Facing the choice between false and holistic hope

Facing the choice between false and holistic hope

Seminarian Jordan Evans prays the rosary in a chapel at St. Charles Borromeo Seminary in Wynnewood, Pa., on Wednesday, Feb. 5, 2020. (Credit: Wong Maye-E/AP.)

The Christian tradition shows us a loving Father, whose permissive will allows for suffering and pandemics while also giving us a promise of redemption. This saving promise gives us hope, and it is a hope in God himself, who alone can change the world.

Commentary

The current state of affairs of our world is daunting. It’s overwhelming people and pushing spirits to imaginable limits. People are uncertain about what’s true, anxious about pandemics, peace, and politics, and restless about what the future will hold. In these trying times, many things are being eclipsed and forgotten, but the greatest casualty right now is hope.

Hope has become a rarity. It is a longed-for oasis in the midst of a desert of bewilderment, desolation, and confusion.

But what is hope?

As believers, we have a very different understanding of this powerful virtue. Perhaps it’s better to start with what hope is not. As Christians, we acknowledge that hope is not a trust in our own powers or abilities to change things or make them into what we want them to be. Such a view oftentimes leads us to failure or disappointment since our nature is fallen, our resources are limited, and our capabilities are finite.

As the Book of Psalms teaches us:  “Unless the Lord builds the house, those who build it labor in vain. Unless the Lord guards the city, the guard keeps watch in vain.”

The bankruptcy of such a self-focused hope is epitomized in the Greek myth about Prometheus and Pandora’s Box. In the fable, Prometheus stole fire from the heavens and Zeus sought to punish him. He presented Pandora to Prometheus’ brother. While in his care, she opened a box that was given by the gods. As she opened the box, death, suffering, sickness, and all the evils of the world poured out and were unleashed upon the world. After such an onslaught, the only thing left in the box was “hope.”

In reading the myth today, Westerners – influenced by the Christian faith – perceive this as a moment of encouragement, but that’s not how the Greek mind saw it.

According to the myth, hope was the worst curse of all, which is why it sat below all other horrors. Hope was hubris, pride, and arrogance. It taught humanity that it had the sole power to change things, when in reality humanity held no such power by itself. Hope was a bloated sense of self, a universal deception that misled humanity at every step. Hope was a self-curse. It was the final touch of Zeus’ hatred for humanity.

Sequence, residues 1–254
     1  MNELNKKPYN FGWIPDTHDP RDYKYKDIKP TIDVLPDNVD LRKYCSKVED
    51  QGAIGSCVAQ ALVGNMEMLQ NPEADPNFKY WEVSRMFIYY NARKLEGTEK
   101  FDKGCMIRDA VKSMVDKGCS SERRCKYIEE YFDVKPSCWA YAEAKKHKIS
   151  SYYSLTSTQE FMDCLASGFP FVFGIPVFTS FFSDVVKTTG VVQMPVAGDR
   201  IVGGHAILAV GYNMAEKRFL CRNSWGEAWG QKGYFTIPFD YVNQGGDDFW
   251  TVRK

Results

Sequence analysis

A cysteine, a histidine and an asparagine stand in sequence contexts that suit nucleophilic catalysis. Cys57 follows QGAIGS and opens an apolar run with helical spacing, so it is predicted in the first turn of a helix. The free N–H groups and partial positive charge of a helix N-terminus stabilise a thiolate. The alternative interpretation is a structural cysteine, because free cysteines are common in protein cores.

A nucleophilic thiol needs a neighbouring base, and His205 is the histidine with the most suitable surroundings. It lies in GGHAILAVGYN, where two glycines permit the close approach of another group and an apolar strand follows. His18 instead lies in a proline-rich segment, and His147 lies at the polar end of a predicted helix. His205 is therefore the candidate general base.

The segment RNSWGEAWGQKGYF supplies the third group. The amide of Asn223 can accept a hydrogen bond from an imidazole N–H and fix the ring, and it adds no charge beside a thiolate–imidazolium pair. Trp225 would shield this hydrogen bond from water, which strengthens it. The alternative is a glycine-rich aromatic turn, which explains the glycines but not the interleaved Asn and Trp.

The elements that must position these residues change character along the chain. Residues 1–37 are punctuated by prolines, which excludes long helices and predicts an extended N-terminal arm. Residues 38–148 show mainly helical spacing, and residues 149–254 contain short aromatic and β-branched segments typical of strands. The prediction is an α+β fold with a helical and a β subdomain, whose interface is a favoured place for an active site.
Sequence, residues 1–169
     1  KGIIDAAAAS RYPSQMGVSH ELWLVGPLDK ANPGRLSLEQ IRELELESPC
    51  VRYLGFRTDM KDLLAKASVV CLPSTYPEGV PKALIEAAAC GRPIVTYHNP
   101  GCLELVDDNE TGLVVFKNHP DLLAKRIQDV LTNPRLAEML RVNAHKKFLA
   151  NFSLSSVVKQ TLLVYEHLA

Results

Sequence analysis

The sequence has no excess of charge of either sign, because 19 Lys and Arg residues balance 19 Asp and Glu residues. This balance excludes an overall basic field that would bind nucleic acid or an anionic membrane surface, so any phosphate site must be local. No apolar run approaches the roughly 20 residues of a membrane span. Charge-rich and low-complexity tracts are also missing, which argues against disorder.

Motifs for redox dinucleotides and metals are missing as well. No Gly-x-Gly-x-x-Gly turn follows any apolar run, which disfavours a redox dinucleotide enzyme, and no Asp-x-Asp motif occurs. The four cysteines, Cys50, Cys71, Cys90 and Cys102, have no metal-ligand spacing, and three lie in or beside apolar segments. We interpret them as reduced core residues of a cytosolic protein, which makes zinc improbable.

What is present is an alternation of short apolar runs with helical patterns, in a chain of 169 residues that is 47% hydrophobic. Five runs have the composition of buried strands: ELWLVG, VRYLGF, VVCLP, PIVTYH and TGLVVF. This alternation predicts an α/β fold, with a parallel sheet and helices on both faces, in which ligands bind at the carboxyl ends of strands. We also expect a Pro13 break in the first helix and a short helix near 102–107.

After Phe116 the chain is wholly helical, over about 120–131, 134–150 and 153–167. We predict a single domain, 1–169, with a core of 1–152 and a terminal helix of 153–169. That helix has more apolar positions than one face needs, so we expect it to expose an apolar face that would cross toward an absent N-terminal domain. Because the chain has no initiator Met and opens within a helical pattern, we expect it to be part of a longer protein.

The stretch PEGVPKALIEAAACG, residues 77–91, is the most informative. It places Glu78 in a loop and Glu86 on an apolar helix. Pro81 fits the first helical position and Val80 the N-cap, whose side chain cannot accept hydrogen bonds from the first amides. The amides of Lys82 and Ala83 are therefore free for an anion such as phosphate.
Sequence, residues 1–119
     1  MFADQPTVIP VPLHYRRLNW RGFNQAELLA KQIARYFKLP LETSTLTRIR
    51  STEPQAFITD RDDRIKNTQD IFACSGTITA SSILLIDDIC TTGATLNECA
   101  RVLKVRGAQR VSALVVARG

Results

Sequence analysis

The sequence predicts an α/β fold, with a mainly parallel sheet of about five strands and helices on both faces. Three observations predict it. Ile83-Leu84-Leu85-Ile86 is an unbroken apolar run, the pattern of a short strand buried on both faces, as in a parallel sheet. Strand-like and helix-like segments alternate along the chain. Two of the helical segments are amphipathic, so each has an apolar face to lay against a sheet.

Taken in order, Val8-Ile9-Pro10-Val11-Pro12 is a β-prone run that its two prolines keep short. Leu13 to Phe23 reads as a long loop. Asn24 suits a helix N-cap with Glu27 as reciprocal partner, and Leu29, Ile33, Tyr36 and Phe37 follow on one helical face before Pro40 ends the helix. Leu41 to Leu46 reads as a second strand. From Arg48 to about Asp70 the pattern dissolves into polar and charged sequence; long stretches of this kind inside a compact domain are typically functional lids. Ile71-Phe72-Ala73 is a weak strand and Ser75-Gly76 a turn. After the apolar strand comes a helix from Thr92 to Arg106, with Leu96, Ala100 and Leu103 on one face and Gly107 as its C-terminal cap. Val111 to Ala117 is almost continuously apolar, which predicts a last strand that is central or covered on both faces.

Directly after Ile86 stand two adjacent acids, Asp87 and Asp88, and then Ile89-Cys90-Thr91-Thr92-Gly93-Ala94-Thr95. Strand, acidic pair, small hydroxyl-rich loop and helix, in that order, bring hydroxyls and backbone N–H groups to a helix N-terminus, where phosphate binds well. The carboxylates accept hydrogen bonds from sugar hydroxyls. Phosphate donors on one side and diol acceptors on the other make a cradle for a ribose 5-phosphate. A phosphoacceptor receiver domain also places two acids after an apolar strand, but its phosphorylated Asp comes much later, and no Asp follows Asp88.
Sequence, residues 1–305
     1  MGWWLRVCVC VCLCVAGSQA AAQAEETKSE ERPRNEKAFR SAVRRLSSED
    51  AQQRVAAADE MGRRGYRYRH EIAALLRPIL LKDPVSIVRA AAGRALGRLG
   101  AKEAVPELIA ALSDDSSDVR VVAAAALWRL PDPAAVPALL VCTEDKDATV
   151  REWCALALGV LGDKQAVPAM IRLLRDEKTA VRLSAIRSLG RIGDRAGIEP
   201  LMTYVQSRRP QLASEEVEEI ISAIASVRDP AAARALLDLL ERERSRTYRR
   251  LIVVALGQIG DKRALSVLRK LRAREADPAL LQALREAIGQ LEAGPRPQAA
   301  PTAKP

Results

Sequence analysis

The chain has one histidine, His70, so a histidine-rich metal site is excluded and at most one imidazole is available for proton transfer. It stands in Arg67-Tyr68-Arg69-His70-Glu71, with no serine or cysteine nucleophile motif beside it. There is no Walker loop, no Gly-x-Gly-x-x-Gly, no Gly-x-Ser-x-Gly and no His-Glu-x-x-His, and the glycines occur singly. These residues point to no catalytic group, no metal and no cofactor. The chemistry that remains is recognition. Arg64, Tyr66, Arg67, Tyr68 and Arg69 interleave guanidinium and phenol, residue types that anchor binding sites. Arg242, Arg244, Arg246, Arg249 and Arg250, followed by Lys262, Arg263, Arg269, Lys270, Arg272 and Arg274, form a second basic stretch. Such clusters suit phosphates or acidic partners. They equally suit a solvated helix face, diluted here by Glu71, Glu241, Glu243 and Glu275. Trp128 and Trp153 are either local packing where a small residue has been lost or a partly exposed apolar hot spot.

And yet, this same sense of hope is perpetuated in our world today. We are falsely told that we have the strength and wherewithal to change the world by ourselves.

In contrast, the Christian tradition shows us a loving Father, whose permissive will allows for suffering and pandemics while also giving us a promise of redemption. This saving promise gives us hope, and it is a hope in God himself, who alone can change the world.

In looking at the sorrows and sufferings of the world, hope is the virtue that helps us to realize our limitations, restrictions, weaknesses, and brokenness. It shows us the marks and bruises of a fallen world and a sinful humanity. Hope calls us outside of ourselves and points us the Power and Wisdom of God.

Rather than setting us up for frustration and failure, hope compels us to look for God’s providence, implore the help of his grace, and pine for his workings in our world today. Hope edifies us, enlarges our efforts, and elevates our spirits.

Amidst the struggles and sorrows of our fallen world, hope breaks us free from the heaviness of this world and reorients us to yearn for a happiness with God. It points us to an eternity that heals our fallenness, redeems our suffering, allows us to be fully alive, and empowers us to yearn for a perpetual dwelling place with God.

Such a hope ennobles us and strengthens us to be instruments of peace, healing, and reconciliation in our world today. It empowers us for selfless service and gives us fortitude to suffer for the sake of righteousness.

In our state of affairs, we have to decide which hope we will choose. False hope only disappoints and perpetuates the downward spiral of our spirits. A holistic hope will not make things easier, but it will invigorate us and compel us to be something greater than the fallenness around us.

The choice is ours, and the peace of our world and the continuity of civilization as we know it, will rise or fall based on our decisions.

Follow Father Jeffrey Kirby on Twitter: @fatherkirby

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